Justice Clarence Thomas—who joined four other conservative Justices in signing on to the majority opinion (with Justices Samuel Alito, Neil Gorsuch, Brett Kavanaugh and Amy Coney Barrett)—wrote a separate concurrence agreeing that “nothing in this opinion should be understood to cast doubt on precedents that do not concern abortion” but also admonishing that “in future cases, we should reconsider all of this Court’s substantive due process precedents, including Griswold [v. Connecticut (right to contraception)], Lawrence [v. Texas (right to engage in private, consensual acts)] and Obergefell [v. Hodges (right to same sex marriage)].”
On this point—that the reversal of Roe jeopardizes the entire line of authority—the liberal dissenting Justices (Stephen Breyer, Elena Kagan and Sonia Sotomayor) found a rare area of agreement with Justice Thomas (although they obviously would oppose any further limiting of these rights). And, as the dissent notes, those challenges already have begun, citing recent legislative initiatives to limit access to contraceptives in Idaho and Missouri in anticipation of the Dobbs decision. For what it’s worth, I expect the challenges to come. I also expect the conservative Justices to find a path to preserve the rest of the line of authority as they repeatedly note is their intent.
Group Health Plan Questions
The questions that will most press on us as a community primarily relate to the extent to which group health plans with beneficiaries in states that make abortion illegal can assist their plan participants with accessing abortions in the states where it will remain legal. The saber rattling already has begun, for example, over whether a state may bar use of abortion medication approved by the Food and Drug Administration (the Guttmacher Institute estimates that 54% of the abortions done in the United States in 2020 were done by medication), and that debate most assuredly will be litigated in the weeks and months to come.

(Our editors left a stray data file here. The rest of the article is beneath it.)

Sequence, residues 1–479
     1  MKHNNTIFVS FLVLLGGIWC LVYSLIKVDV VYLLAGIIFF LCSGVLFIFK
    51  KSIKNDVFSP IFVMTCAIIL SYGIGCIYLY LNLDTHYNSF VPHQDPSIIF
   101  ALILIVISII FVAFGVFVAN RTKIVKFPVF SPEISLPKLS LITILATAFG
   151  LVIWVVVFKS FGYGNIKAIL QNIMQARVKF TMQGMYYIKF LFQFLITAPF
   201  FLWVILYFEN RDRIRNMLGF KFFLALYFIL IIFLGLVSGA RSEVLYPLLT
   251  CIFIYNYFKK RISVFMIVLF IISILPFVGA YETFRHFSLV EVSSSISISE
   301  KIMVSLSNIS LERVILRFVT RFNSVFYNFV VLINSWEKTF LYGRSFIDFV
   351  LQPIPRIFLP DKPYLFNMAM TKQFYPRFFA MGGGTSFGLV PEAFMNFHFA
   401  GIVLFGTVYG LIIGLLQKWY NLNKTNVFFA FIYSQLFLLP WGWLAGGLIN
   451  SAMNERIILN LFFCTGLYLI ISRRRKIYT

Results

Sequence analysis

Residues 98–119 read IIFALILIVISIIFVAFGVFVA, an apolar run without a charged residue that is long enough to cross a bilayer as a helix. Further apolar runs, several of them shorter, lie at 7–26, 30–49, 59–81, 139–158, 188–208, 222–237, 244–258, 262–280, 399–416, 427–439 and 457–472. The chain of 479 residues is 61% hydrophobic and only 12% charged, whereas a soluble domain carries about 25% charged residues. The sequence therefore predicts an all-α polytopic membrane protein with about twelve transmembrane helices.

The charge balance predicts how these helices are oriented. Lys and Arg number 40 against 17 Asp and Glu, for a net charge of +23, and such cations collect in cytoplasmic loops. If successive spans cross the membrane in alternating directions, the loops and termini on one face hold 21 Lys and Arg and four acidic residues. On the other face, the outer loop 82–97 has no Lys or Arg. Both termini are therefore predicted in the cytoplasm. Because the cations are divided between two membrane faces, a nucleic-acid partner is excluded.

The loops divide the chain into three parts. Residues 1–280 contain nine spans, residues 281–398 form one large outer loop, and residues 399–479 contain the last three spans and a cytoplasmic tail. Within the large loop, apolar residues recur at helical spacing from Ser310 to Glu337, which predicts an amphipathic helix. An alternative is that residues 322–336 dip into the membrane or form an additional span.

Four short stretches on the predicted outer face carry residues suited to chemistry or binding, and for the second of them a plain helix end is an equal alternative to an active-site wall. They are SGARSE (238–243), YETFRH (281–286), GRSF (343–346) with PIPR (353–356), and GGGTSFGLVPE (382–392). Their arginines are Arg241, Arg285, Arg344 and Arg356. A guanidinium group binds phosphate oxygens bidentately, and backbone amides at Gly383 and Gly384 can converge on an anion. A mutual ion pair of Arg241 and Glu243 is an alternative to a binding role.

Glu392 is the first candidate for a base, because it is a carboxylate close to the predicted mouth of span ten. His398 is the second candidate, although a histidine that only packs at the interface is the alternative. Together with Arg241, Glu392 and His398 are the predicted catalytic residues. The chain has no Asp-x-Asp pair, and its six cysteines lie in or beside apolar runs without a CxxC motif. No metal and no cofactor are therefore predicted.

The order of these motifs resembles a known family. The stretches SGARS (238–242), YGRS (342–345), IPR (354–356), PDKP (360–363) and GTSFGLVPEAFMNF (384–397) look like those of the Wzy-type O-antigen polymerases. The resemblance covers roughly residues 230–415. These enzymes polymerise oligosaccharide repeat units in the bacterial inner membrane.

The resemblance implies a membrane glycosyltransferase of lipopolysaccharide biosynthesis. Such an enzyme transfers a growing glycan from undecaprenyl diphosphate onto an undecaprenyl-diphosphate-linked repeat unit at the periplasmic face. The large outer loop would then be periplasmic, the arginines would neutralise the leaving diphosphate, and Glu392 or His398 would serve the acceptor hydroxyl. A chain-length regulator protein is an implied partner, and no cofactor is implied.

Many major companies have announced plans to pay for employee travel to access care. Some states, however, already have bans on assisting someone with getting an abortion, and other states are evaluating criminalizing such assistance. Although Justice Kavanaugh in his concurrence argues that a state may not “bar a resident of that State from traveling to another State to obtain an abortion,” the dissent cites this as another issue that likely will be resolved only through litigation.
The other issue related to travel is whether the travel costs paid on behalf of an employee or an employee’s family member must be treated as income to the employee. The IRS has held that legally performed abortions are a form of “medical care” (Rev. Rul. 73-201, 1973-1 C.B. 140), and IRS regulations clarify that “medical care” includes, in addition to direct treatment, “transportation primarily for and essential to medical care” (IRC §213(d)(1)(B); Treas. Reg. §1.213-1(e)(1)(i)). The courts have held that the cost of meals and lodging “incurred while traveling to the point where the prescribed medical treatment or health benefits were to be received” can be properly treated as a “medical expense” as long as they were required to bring the patient to the place the care was provided.
To qualify for the favorable “medical care” tax treatment, the benefit must be provided under the group health plan itself or as part of an integrated health reimbursement arrangement. There also may be ways to structure the benefit as part of an employee assistance program. In all cases, it is most likely that the benefit recipient will have to be enrolled in the underlying group health plan in order to receive the favorable tax treatment. This is an area where we can expect IRS guidance, but that guidance, if issued, likely would be subject to reconsideration in the next Republican administration.
There will be more questions, and there will be extensive efforts to test the bounds of the new post-Roe regime. The only thing of which we can be certain at this point, I think, is that we will be operating with lots of uncertainty in this space for the foreseeable future.